​25% of the world’s children are in India. India struggles to empower her youth- 50% of children do not attend school.  High poverty rate in the country and low priority given to Education by many impoverished  families 93 million people in India are slum-dwellers, many of whom are children.

These children will most likely never see the inside of a classroom.  Many families prefer the children to start working and supporting the family as soon as possible. They do not see worth in paying the price(small as it is) for a Government school when they can get their children to start earning money. 

How can we help to improve the situation?

In 1976, Dr. Subodh C. Gupta, the Founder and Chairman of JCBS, Inc a 501(c)(3) corporation registered in Washington DC saw a vision of improving the lives of the underprivileged children by educating them and providing them with opportunities to improve their lives. This vision to create a better future for these children was supported by the motivation of two sisters, now long retired, who always had a desire to make a positive difference, however little.

Mrs. Promilla Gupta and Mrs. Dipti Mithal , in a quest to change lives, started their mission of imparting education to the underprivileged in 2001, at Ramanuja Vaish Orphanage in Meerut, India.  They set up 4 tables and 4 benches for a total of 90 children (40 girls and 50 boys) and taught them every day for 2 years. They hired male teachers for the boys and female teachers for the girls and organized all the students by aptitude levels. Ms. Gupta and Ms. Mithal’s scope went far beyond just teaching. In addition to schoolwork, they engaged the children in outdoor games to encourage physical activity and healthy socialization, and distributed awards for high performers and motivated students.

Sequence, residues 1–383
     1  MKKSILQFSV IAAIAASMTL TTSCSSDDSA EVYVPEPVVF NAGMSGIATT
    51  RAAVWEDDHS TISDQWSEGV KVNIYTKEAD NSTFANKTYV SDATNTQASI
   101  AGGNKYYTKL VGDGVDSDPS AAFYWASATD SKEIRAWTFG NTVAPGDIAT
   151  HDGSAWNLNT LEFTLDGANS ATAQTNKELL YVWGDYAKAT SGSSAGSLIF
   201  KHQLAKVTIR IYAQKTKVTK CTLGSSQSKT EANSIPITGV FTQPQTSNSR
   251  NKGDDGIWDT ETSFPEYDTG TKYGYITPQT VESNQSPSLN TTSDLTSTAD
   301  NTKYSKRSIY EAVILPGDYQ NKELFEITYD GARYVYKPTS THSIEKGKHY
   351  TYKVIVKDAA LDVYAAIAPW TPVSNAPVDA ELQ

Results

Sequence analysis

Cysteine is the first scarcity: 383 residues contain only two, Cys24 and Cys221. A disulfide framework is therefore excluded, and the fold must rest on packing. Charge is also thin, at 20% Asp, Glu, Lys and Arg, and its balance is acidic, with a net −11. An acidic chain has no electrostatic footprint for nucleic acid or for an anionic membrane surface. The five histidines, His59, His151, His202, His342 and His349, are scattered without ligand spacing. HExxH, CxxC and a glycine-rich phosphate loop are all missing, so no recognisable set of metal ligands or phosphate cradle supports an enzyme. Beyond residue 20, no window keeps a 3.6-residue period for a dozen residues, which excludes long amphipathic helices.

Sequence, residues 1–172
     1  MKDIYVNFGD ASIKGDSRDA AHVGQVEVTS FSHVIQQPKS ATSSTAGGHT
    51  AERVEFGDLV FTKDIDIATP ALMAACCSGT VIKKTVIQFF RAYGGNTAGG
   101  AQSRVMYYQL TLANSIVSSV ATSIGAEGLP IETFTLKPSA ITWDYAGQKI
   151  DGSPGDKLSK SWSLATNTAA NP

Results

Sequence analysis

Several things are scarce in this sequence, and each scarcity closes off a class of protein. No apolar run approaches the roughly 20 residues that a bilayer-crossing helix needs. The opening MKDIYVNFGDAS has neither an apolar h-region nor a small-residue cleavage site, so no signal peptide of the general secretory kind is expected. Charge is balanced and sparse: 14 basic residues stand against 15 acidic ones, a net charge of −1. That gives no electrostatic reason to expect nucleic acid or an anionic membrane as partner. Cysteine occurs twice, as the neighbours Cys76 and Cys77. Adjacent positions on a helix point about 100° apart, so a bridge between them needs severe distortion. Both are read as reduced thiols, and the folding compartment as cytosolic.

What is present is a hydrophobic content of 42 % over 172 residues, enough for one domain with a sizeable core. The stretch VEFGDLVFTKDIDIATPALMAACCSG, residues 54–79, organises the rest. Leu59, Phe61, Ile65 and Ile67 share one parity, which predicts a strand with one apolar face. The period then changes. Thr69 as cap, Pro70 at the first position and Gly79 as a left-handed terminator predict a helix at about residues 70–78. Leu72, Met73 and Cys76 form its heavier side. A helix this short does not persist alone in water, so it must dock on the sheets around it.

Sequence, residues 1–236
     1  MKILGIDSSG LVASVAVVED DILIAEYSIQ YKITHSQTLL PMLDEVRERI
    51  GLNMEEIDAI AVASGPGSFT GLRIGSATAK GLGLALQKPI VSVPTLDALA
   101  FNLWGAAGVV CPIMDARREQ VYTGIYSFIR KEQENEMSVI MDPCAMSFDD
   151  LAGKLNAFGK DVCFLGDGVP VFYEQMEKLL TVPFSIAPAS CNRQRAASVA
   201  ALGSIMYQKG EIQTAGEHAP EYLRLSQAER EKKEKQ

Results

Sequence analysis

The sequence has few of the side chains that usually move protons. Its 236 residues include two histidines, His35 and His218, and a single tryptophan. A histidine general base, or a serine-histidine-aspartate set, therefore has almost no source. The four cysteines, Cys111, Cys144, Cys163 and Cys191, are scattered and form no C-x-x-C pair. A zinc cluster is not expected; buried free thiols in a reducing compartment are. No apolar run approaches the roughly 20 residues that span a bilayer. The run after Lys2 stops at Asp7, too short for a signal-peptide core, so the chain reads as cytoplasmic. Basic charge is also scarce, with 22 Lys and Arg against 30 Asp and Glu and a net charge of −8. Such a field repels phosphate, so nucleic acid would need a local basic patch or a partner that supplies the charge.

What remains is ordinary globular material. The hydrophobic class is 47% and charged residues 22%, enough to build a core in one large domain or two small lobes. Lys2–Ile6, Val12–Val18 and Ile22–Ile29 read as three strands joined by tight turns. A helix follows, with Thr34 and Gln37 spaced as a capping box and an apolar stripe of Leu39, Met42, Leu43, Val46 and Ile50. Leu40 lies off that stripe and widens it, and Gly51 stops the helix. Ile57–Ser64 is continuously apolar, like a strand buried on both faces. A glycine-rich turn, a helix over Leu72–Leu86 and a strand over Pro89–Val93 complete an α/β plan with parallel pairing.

The District Magistrate of Meerut applauded the work of Ms. Gupta and Ms. Mithal 

Even with the support of the DM and community, the Orphanage manager feared reallocation of power and forbade further involvement.
The sisters didn’t give up and in 2002, they rented out a house to teach the children. The children who desired to learn more would came
to the house after their school ended every day. This continued for almost one year.

In late May 2002, they started a school in a small village called Partapur, in Meerut.

There were 2 male teachers and one of them had himself been taught at the orphanage two years ago. They taught 70 children each year for 3 years. In June of 2004, they opened a school in Shastri Nagar, Meerut. They invited all the kids, up to 9 years old, from the slums and other impoverish areas  around the school. For the first time, kids attended the school who had no previous education whatsoever. When the school first opened, children came in wearing filthy clothes, and were not bathroom trained. The teachers would sometimes help bathe them  and gave them clean clothes before they started studying.